When Sean Avery was suspended by the NHL in early December, the Dallas Stars were dead last in the West Conference. From that point on, things have clearly improved. They have the eighth best record in the league since the suspension and would qualify for the playoffs if the season ended today, as they are seventh in the west.
It is easy to put the blame onto Sean Avery for the bad start, but things are not that simple. Dallas’s goaltending has significantly improved. Marty Turco had been off to a pathetic start, but has turned things around. Perhaps the most significant change for the Stars has been the return of Jere Lehtinen to the lineup. Due to injury, he had played only three games before the Avery suspension. He has now appeared in 20 games and been a vital cog to the Stars.
When I last looked at the AHL slightly under two weeks ago, I described a two team race for the AHL lead between the Manitoba Moose (Vancouver Canucks affiliate) and the Hershey Bears (Washington Capitals affiliate). Commenter Pharazon wrote that the Grand Rapids Griffins (Detroit Red Wings affiliate) and the Milwaukee Admirals (Nashville Predators affiliate) looked like they might be in the mix as well. Since then, Manitoba has clearly run away with the race.
The Manitoba Moose have not lost in regulation in their last eight games. Manitoba now has 81 points. They have a five point lead over Hershey (though Hershey does have a game in hand).
A lot of press has been given to the Montreal Canadiens slump. They have a 3-10 record in their last 13 games. This has dropped Montreal to fifth place in the East Conference. It has provoked a lot of panic among Montreal fans who have all kinds of crazy suggestions including fire the coach, trade key players, send All Star goalie Carey Price to the minors. Montreal fans are overreacting. Slumps happen. Every season, somebody falls into one during the stretch run. In almost all cases the team recovers. A Montreal recovery is likely. They have a good young goalie in Carey Price who will find his game. They have some talent in Alex Tanguay and Robert Lang on the injured list. There are reasons to explain the slump.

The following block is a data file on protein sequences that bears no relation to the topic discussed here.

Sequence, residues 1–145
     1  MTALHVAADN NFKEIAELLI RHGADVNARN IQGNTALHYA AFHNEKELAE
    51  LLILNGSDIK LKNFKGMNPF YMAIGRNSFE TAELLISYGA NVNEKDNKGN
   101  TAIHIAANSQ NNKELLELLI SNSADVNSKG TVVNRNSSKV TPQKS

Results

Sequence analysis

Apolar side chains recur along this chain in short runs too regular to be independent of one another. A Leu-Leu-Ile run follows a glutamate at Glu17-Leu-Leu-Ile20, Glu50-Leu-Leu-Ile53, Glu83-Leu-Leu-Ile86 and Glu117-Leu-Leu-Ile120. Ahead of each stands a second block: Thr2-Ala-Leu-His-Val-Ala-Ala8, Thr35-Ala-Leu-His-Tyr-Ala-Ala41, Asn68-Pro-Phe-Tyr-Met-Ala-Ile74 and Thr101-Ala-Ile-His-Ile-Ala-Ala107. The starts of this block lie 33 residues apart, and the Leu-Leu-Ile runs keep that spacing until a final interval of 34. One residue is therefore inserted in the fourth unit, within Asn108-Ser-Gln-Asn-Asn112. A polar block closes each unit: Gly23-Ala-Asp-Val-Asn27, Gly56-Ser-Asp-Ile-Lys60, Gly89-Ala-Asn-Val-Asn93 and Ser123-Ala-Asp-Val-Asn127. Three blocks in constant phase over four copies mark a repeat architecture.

In an effort to change the recent direction of the team, Montreal has acquired Mathieu Schneider from the Atlanta Thrashers for a 2009 second round draft pick and a 2010 third round pick. Likely Montreal will survive this slump and will have lost home ice advantage in the first round of the playoffs because of it, but that will be the most significant loss.
The Pittsburgh Penguins were Stanley Cup finalists in 2008. Though they didn’t win the cup, many people picked them as a team that had a good chance to win the cup in the future. However, this season has not worked out according to that plan. Defensive injuries to Sergei Gonchar and Ryan Whitney left the Penguins defensively vulnerable. Even with the league’s top scorer in Evgeni Malkin and Sidney Crosby, who is in third place, the Penguins have not succeeded. The Pens have a 27-30 record (with five losses counted as regulation ties). They are currently in tenth place in the East Conference. They are five points out of the playoffs.
Something had to be done to try to change their fortunes. The easiest something is usually to change the coach. That was the Penguins choice. Michel Therrien has been fired. This is his fourth year as Pens coach and although he has had a relatively successful winning record; it is the team’s talent level that gets most of the credit. Therrien has never seemed like a top coach. It seemed more like a case of a good young team that was ready to make a big leap forward when he joined the team.
Mike Green of the Washington Capitals has been playing very well lately. He broke Mike O’Connell’s record for most consecutive games played by a defenceman with a goal tonight, when he scored in his eighth straight game against the Tampa Bay Lightning. I am picking him as the Norris Trophy leader at this point in the season. Despite those accolades, I think many people do not realize how good he has been lately. Since January 1st, Mike Green has 27 points. That is the second highest total of anyone in the entire league (Pavel Datsyuk has 28). Among only defencemen, he leads second place Scott Niedermayer by eight points. Those numbers are amazing. If these numbers could be kept up an entire season, he would be a serious Norris Trophy (and Hart Trophy) candidate. Even accepting that he doesn’t have the toughest defensive assignments, a defenceman who was second in league scoring would be amazing.